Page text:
The question arises how and when did this prescription of locating polestar come into being? and why was the need? Since at times, there won’t be a pole star at or near the North celestial pole point pointed out from Saptaṛṣis. To this question, we have an answer in one of the Ṛgveda’s mantra where the word dhruvacyuto (shaking and dropping of dhruva) means that the axis of the earth is the subverter of what is stable and immoveable i.e., pole star becomes less and less aligned with the North celestial pole.
हि॒र॒ण्यये॑भिः प॒विभि॑: पयो॒वृध॒ उज्जि॑घ्नन्त आप॒थ्यो॒३॒॑ न पर्व॑तान् । म॒खा अ॒यास॑: स्व॒सृतो॑ ध्रुव॒च्युतो॑ दुध्र॒कृतो॑ म॒रुतो॒ भ्राज॑दृष्टयः ॥Ṛgveda 1.64.11
“Augmenters of rain, they drive with golden wheels the clouds asunder, as elephants (in a herd break down the trees in their way); they are honoured with sacrifices, visitants of the hall of offering, spontaneous assailers (of their foes), subverters of what are stable, immoveable themselves, and wearers of shining weapons.”
Dhruvacyut (ध्रुवच्युत्):—[=dhruva-cyut] [from dhruva] mfn. shaking the immovable, [Ṛg-veda]
Such a phrase comes in MAU also where King Bṛhadratha says ‘dhruvasya pracalanaṃ’
अथ किमेतैर्वान्यानां शोषणं महार्णवानां शिखरिणां प्रपतनं ध्रुवस्य प्रचलनं स्थानं वा तरूणां निमज्जनं पृथिव्याः स्थानादपसरणं सुराणं सोऽहमित्येतद्विधेऽस्मिन्संसारे किं कामोपभोगैर्यैरेवाश्रितस्यासकृदिहावर्तनं दृश्यत इत्युद्धर्तुमर्हसीत्यन्धोदपानस्थो भेक इवाहमस्मिन्संसारे भगवंस्त्वं नो गतिस्त्वं नो गतिः ॥ १.७॥ " इति प्रथमः प्रपाठकः ॥
“And what of these? There is the drying up of other great oceans, the falling of mountains, the moving of the pole-star, the cutting of the wind-ropes (that hold the stars), the submergence of the earth, and the departure of the gods (suras) from their place. In such a world as this, what is the use of the enjoyment of pleasures, if he who has fed on them is seen to return (to this world) again and again! Design therefore to take me out! In this world, I am like a frog in a dry well. O Saint, thou art my way, thou art my way.” /1.7/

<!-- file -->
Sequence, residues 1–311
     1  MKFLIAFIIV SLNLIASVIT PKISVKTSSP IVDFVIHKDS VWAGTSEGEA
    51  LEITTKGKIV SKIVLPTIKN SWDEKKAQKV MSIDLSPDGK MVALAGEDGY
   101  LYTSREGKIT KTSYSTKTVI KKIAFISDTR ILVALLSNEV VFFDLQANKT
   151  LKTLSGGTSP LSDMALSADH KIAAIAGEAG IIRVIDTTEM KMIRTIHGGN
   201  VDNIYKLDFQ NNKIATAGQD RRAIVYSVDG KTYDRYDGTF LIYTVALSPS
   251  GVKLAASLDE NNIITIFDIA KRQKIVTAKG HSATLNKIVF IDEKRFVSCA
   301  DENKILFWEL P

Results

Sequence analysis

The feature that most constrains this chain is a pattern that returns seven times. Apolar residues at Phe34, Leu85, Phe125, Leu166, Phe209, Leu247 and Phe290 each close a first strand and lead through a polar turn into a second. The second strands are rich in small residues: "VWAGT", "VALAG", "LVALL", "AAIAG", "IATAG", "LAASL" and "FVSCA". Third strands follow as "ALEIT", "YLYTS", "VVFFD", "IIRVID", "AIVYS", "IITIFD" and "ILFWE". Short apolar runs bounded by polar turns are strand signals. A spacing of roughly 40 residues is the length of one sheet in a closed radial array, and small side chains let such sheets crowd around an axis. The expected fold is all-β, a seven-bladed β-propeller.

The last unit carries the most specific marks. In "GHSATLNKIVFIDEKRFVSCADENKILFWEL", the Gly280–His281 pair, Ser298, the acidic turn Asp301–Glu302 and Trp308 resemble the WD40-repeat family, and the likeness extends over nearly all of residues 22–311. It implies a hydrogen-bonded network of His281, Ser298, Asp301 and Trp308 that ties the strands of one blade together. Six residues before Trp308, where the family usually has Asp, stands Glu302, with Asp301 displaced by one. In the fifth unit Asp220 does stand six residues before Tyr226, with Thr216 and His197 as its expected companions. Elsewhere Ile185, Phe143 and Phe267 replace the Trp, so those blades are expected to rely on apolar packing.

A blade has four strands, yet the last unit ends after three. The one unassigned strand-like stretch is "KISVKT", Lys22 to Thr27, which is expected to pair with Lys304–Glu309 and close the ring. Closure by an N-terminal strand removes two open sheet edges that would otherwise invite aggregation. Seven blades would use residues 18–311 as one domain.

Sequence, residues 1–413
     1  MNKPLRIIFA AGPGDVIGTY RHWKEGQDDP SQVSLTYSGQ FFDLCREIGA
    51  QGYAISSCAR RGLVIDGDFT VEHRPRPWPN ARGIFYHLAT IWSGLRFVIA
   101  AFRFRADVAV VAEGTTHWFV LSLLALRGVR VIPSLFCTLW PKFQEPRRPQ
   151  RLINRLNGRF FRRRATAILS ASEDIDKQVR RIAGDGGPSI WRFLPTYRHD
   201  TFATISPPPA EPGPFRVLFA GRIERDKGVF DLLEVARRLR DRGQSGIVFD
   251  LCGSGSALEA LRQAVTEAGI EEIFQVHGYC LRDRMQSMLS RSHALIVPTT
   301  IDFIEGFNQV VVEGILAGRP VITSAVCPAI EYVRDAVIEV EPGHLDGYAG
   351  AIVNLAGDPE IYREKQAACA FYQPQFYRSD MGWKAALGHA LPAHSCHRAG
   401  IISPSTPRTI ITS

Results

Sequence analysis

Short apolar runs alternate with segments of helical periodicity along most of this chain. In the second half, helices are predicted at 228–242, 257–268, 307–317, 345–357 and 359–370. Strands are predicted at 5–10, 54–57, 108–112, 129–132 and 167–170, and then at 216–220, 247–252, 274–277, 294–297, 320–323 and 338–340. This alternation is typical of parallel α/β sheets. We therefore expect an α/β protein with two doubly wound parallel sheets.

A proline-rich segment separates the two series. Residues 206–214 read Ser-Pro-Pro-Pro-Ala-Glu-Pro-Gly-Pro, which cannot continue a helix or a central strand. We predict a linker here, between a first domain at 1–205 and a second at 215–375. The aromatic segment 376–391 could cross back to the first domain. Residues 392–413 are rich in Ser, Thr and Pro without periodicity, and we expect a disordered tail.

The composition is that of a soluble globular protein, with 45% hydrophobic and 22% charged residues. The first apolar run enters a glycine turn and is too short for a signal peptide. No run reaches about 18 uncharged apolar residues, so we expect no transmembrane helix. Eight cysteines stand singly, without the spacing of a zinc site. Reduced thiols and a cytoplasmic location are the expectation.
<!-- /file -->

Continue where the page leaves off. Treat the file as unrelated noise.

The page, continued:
If there are instances of such statements present in Indian texts, where the polestar is described as moving away from the alignment with the Earth's axis, it indicates that our ancestors needed a circumpolar star cluster to determine the location of the polestar. The constellation Saptaṛṣis (Big Bear), with its discrete cluster of stars, effectively fulfilled this requirement in the North and maybe these were observed for multiple cycles of axial precession in the past. Do we find any evidence in Itihāsas of such observation where Saptaṛṣis and polestar are mentioned together? Yes, indeed, we find one such evidence in Rāmāyaṇa.
ब्रह्म राशिर् विशुद्धः च शुद्धाः च परम ऋषयः |
अर्चिष्मन्तः प्रकाशन्ते ध्रुवम् सर्वे प्रदक्षिणम् || ६-४-४९
Dhruva, the very bright pole-star (which is recognized by the contiguity of the stars presided over by the seven Brahmana sages) is becoming clear. All the pure great sages having bright light are shining are shining around Dhruva star.
This has been the tradition of observing the skies through prescriptions which made observation mandatory to be followed for various purposes from the Ṛgvedic times which Rāmāyaṇa also specifically observed from time to time.
Title image source: HinduPad; Text image provided by the author.